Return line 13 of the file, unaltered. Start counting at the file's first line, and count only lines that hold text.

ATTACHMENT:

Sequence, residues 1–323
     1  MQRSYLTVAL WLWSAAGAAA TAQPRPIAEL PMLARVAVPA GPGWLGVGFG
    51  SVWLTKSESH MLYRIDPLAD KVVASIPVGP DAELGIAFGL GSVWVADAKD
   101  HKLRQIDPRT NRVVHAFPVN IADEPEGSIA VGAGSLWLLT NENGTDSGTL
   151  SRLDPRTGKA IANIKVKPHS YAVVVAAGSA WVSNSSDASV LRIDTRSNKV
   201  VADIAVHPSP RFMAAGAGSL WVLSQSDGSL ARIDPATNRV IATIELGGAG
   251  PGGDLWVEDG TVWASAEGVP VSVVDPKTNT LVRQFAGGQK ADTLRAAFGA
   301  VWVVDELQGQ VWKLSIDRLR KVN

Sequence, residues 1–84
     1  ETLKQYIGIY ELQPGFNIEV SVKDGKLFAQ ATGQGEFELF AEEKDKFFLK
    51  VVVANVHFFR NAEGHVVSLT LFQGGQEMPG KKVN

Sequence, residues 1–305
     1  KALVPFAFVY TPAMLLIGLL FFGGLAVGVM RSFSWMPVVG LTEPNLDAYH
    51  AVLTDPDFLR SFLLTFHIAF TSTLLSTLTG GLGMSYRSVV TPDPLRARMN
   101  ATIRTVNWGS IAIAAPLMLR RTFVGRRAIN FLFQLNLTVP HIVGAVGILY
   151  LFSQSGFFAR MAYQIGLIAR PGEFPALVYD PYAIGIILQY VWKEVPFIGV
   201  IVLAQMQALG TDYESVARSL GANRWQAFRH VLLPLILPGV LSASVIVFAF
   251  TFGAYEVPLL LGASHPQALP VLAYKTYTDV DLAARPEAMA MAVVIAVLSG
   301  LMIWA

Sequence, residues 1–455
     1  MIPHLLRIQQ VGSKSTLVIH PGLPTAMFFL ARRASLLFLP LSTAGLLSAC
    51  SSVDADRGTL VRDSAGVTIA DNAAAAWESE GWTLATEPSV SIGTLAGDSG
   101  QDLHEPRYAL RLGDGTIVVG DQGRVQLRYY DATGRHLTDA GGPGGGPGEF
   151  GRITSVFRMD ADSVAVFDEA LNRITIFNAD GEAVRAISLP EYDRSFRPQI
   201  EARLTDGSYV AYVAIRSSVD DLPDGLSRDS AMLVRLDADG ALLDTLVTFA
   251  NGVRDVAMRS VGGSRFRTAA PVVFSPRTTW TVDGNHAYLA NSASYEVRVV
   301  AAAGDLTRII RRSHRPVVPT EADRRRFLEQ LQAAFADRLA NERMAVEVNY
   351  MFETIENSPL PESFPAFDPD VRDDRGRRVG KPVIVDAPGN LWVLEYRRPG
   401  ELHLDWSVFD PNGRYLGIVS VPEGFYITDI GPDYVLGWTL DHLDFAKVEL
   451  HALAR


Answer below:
     1  KALVPFAFVY TPAMLLIGLL FFGGLAVGVM RSFSWMPVVG LTEPNLDAYH